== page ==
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Dictionary of Wisconsin History

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Term: Upham, William Henry 1841 - 1924

Definition:

businessman, soldier, politician, governor, b. Westminster, Mass. He moved with his parents to Niles, Mich., in 1852, and in 1853 to Wisconsin, settling in Racine. At the outbreak of the Civil War, he enlisted in the 2nd Wisconsin Volunteer Infantry, was wounded at the first battle of Bull Run, held a Confederate prisoner, and, on being exchanged was granted a cadetship at the U.S. Military Academy. He graduated from West Point in 1866, and, after being promoted to 1st lieutenant, resigned his commission in 1869 and returned to Wisconsin. From 1869 to 1879 he engaged in lumbering activities in northeastern Wisconsin, and in 1879 settled in Marshfield, at a time when the city was just being platted. There he built a saw and shingle mill, a furniture factory, general store, machine shop, and flour mill, and also helped to organize the First National Bank of Marshfield and became its president. Although Upham suffered heavy losses in the Marshfield fire of 1887, he was a leader in rebuilding the city's industries. A Republican, he was elected governor of Wisconsin in 1894, defeating incumbent Democrat George W. Peck (q.v.), and served one term (Jan. 1895-Jan. 1897). Upham was not a candidate for renomination in 1896, but returned to his business enterprises in Marshfield, where he resumed the presidency of the Water, Electric Light and Power Co. and the Upham Manufacturing Co. He continued to be a prominent Marshfield business leader until his death. Wis. Blue Book (1927); Natl. Cyclopaedia Amer. Biog., 12 (1904); Oshkosh Daily Northwestern, July 3, 1924.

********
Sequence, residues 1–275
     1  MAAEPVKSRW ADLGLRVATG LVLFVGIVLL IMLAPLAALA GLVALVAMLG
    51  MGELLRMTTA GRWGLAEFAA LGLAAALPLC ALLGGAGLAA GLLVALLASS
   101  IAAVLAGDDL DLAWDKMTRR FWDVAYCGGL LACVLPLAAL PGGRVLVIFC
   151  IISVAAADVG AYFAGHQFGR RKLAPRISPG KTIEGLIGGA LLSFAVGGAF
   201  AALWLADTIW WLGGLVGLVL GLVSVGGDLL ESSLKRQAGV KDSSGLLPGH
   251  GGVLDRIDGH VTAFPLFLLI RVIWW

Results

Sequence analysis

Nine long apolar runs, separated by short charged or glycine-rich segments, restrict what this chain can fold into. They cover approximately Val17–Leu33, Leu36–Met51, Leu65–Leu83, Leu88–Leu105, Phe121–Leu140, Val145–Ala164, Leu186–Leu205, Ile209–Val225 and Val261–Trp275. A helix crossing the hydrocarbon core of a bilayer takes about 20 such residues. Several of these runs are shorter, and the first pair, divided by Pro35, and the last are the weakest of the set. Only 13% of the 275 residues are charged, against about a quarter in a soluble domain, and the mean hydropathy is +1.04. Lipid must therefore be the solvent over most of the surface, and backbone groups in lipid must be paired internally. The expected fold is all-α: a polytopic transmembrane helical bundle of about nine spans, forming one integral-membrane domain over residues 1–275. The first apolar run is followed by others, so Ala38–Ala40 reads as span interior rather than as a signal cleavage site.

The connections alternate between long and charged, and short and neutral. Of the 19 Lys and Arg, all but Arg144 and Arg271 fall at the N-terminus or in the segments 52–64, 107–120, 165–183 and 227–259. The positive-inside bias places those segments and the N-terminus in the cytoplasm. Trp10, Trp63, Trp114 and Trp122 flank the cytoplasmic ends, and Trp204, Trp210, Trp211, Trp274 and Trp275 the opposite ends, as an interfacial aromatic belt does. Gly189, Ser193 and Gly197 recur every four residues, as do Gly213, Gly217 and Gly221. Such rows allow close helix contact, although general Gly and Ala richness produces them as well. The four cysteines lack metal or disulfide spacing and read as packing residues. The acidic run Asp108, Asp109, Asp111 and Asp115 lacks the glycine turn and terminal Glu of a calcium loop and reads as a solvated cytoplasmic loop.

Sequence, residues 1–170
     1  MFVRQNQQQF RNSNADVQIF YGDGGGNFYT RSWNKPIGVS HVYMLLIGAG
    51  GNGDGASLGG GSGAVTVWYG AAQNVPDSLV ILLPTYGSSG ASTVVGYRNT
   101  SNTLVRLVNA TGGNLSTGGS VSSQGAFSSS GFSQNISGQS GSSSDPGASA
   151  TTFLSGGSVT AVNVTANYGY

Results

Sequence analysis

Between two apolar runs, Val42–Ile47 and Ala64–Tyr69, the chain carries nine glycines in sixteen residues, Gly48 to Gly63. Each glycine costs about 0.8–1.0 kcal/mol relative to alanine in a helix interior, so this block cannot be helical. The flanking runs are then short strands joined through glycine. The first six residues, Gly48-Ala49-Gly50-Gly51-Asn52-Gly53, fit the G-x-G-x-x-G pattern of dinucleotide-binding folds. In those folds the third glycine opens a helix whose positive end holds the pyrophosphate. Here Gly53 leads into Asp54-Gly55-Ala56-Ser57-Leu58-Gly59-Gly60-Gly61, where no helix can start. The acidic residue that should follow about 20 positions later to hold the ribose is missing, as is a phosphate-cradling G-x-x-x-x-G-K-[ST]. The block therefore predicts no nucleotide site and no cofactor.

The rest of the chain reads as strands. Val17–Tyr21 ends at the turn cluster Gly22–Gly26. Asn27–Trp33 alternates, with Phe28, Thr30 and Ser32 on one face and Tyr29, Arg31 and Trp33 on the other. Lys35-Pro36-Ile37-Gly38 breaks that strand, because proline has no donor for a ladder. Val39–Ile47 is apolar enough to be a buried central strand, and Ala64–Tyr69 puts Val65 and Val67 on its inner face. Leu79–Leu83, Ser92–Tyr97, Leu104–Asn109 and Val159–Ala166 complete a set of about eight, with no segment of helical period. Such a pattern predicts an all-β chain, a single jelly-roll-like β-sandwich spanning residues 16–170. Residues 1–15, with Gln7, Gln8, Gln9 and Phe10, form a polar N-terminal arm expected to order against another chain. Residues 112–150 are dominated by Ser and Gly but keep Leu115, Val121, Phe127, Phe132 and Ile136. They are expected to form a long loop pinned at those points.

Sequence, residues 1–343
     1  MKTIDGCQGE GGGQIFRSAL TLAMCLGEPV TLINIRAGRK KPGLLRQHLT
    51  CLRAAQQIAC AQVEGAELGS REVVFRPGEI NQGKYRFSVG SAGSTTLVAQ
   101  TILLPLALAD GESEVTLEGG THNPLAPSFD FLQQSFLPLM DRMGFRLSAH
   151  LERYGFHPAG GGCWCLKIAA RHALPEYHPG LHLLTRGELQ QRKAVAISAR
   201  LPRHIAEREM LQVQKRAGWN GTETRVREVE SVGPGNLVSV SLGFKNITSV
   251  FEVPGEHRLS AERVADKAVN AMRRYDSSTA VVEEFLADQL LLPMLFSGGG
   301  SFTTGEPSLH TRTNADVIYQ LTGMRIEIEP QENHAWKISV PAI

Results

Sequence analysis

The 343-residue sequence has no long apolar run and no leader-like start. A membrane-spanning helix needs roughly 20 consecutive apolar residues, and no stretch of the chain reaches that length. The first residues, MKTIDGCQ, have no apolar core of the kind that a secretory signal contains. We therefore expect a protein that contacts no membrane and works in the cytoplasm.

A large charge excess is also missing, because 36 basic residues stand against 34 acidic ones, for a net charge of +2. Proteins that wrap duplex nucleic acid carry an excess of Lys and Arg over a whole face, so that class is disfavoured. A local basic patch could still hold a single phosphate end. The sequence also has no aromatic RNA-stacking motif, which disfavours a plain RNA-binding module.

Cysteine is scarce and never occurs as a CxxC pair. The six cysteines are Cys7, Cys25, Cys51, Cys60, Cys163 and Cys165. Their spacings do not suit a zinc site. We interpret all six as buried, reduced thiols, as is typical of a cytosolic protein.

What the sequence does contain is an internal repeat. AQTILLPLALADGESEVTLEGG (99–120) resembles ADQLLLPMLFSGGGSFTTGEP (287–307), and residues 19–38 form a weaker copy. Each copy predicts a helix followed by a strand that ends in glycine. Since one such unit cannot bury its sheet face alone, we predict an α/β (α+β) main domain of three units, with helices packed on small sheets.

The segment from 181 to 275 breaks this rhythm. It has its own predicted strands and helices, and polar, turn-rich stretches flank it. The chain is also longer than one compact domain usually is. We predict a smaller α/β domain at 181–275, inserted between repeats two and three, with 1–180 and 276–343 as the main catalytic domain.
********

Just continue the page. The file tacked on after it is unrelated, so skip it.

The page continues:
The Wisconsin Historical Society has manuscripts related to this topic. See the catalog description of the W. H. Upham Papers for details.

[Source: Blue book]
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